For Ben Daniel, the senior pastor of the Montclair Presbyterian Church in Oakland, California, Vizguerra’s situation represents an important evolution in the sanctuary movement: It’s not only driven by the increasing numbers of immigrants detained and deported without due process, but by the growing numbers of families separated as a result. “Laws don’t understand the complexity of these situations, but churches do: Maybe the mom is undocumented, but the dad isn’t, and the kids are citizens,” he says. “We don’t want these families torn apart.”
Still, declaring a church a sanctuary has no legal standing: ICE officials have the authority to take people into custody anywhere they want, says David Martin, a leading scholar on immigration who taught for years at the University of Virginia.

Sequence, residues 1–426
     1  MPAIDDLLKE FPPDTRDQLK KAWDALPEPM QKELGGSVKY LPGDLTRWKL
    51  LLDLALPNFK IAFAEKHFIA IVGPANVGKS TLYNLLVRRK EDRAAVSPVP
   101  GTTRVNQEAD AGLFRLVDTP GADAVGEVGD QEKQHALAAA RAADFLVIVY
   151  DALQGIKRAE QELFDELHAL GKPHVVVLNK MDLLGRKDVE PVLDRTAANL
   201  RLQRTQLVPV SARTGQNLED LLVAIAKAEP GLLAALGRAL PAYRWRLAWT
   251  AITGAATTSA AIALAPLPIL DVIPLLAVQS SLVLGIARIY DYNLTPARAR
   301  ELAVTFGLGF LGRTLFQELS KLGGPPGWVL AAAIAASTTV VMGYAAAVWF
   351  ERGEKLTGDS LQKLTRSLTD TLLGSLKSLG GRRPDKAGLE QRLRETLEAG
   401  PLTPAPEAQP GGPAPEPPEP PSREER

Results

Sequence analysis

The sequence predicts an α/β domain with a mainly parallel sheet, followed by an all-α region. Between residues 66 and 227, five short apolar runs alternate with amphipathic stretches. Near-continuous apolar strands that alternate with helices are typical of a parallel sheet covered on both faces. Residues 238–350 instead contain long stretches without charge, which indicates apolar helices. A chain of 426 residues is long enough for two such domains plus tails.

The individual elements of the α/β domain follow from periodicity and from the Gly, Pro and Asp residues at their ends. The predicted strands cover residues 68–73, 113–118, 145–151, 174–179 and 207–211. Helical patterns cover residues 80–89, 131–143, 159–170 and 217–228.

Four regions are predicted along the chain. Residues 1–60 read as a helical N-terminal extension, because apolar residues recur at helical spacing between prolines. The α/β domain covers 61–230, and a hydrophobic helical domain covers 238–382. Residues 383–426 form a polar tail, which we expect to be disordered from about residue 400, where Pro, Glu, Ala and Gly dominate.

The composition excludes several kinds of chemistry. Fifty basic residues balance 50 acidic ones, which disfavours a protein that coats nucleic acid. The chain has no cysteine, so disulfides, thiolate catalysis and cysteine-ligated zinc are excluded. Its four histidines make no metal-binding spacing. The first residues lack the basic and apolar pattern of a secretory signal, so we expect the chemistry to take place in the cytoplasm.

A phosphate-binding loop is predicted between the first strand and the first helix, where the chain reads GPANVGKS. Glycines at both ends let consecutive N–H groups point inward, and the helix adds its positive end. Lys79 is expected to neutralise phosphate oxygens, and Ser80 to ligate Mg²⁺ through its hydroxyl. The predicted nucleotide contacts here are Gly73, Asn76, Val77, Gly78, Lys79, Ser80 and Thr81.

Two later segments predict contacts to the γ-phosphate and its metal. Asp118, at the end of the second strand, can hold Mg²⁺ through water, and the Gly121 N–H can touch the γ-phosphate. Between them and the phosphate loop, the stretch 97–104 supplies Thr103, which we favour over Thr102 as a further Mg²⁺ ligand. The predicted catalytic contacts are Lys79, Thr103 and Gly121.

But if arrests and deportations continue to increase, Fife predicts that the nation will see a lot more resistance — even if it means breaking the law. In 1984, he led a 50-car caravan of sanctuary workers transporting a Guatemalan family from Tucson to a church in Seattle. The government had recently cracked down on Texas-based sanctuary workers, and the eight-day journey was meant to establish their right to transport and protect refugees.
“That was one of my more anxious moments,” says Fife, recalling this very public act of defiance. He was fully aware of the risks. Although Fife was later arrested alongside other sanctuary workers, their efforts would lead to changes in U.S. refugee policy: In 1990, Congress pushed through a bill finally granting temporary protected status to Central American migrants in need of safe haven.
Now, however, the Trump administration is creating a whole new ballgame. Martin warns, “There’s certainly a risk that they might blow right past those norms.”